By Michel Serres
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Extra info for Angels: A Modern Myth
In this book, we frequently use the term text to refer to many kinds of folklore, including things we don’t often think of as texts—performances, objects, and rituals, for instance. We use the term context to mean everything that surrounds the text—the setting, people, situation—anything in addition to the expressions, item, idea or objects being shared. As part of our development of the deﬁnition of folklore, we want to broaden the idea of folklore types, to give you more than one way to understand and talk about the verbal expressions, customs and materials that comprise folklore, so you can begin to think about it conceptually, not just categorically.
You are familiar with such folklore from your own early experiences. Whoever raised you had traditions, rituals and stories—good or bad—that you learned simply by observing and practicing them, seeing them expressed or overhearing them and observing how other members of your family responded to them. Family mealtime customs are rarely explicitly taught to children, for example, but we pick them up by watching, listening to reactions when people do or don’t observe the customs, and by imitating and then practicing these 31 LIVING FOLKLORE customs regularly.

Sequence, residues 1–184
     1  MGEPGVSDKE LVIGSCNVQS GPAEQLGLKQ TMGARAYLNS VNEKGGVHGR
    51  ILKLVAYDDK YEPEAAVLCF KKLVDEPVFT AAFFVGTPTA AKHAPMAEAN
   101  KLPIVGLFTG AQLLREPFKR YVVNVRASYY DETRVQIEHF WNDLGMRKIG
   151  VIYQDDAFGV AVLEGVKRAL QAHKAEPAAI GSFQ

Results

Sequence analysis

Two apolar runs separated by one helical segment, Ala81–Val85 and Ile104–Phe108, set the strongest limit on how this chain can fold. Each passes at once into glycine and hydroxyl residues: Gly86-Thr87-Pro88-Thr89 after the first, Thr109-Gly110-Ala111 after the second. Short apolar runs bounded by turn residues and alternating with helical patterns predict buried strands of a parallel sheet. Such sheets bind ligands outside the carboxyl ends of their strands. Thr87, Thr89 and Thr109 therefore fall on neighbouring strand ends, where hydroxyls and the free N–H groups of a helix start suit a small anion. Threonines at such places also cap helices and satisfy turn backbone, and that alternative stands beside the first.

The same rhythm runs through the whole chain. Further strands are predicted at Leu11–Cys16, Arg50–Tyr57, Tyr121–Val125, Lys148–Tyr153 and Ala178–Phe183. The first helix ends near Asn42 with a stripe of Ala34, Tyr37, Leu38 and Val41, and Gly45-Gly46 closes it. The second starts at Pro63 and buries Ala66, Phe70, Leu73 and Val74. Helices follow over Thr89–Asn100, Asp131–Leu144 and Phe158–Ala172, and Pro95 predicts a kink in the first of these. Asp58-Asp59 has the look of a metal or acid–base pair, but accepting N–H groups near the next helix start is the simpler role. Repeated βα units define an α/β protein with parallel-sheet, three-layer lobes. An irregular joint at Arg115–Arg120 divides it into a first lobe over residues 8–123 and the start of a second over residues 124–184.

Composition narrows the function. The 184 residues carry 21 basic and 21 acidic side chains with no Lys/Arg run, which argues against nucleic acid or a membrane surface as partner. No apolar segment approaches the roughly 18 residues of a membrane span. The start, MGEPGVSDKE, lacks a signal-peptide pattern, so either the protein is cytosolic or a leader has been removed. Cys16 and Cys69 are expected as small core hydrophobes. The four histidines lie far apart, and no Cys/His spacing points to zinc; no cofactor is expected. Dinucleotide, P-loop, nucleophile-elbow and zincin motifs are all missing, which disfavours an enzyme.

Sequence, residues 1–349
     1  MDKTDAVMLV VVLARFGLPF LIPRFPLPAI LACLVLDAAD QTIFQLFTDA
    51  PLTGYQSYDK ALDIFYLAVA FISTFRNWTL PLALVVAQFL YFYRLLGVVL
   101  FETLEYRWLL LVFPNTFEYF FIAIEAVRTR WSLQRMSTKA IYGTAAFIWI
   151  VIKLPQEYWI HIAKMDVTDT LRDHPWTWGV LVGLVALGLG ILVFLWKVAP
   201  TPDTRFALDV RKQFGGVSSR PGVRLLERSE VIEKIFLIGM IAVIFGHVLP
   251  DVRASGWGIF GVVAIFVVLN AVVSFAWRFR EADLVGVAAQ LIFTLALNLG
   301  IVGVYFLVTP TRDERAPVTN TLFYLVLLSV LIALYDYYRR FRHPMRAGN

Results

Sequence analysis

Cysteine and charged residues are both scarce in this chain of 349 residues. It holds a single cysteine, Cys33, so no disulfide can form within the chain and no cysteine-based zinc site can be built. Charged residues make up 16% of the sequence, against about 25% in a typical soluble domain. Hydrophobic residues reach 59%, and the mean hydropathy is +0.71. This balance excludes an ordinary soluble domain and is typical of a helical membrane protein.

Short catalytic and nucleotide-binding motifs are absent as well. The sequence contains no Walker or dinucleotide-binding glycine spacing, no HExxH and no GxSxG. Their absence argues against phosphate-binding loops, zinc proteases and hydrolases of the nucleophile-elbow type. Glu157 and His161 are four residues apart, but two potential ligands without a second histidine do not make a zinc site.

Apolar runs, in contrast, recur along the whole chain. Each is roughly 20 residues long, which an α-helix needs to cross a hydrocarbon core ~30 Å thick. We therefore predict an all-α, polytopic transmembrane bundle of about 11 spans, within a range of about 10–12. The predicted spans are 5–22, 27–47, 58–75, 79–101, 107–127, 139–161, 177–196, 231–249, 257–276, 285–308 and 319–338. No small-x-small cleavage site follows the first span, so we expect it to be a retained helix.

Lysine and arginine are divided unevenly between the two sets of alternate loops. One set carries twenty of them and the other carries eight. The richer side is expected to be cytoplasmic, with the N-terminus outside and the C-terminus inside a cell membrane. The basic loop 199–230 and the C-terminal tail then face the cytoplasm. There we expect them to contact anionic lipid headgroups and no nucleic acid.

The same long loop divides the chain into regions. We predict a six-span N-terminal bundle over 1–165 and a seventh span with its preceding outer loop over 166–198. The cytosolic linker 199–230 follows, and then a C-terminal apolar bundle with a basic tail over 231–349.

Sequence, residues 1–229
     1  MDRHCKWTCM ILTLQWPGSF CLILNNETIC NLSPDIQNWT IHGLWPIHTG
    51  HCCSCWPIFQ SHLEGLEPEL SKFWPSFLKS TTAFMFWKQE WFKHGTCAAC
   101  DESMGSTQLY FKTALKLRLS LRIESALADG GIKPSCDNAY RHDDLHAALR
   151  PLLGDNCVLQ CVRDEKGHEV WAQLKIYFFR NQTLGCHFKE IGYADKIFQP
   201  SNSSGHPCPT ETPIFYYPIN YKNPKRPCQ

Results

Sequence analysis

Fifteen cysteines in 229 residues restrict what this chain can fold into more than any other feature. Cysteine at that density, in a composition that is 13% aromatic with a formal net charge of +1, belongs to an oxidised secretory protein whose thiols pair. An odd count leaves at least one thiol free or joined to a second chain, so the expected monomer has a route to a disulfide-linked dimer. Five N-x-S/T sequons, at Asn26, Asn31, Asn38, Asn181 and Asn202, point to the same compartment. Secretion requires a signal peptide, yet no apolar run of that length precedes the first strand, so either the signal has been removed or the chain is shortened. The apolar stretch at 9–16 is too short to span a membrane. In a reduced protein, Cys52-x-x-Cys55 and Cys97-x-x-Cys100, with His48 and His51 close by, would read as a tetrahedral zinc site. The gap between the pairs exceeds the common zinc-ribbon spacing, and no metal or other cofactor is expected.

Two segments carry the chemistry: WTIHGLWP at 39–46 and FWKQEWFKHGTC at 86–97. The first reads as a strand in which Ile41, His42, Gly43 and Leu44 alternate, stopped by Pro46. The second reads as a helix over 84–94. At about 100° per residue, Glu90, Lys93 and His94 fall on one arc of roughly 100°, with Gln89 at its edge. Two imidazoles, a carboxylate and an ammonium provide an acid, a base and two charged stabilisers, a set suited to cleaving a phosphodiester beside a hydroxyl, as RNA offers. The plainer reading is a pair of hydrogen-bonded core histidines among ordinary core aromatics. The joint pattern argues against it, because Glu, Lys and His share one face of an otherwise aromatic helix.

The lessons learned at home weren’t the only ones you learned as a child, though. At school, in after-school activities, at work, hanging out with friends and their families, unofﬁcial knowledge was passed to you in many different situations. For instance, as you grew older and spent more time with your peers, you probably participated in discussions about holiday celebrations. If you’ve been at college, living with people your own age who come from different backgrounds, when Thanksgiving rolled around, undoubtedly you and your friends began talking about what you expected to eat when you got home, or what you’d be eating if you went home with one of your friends.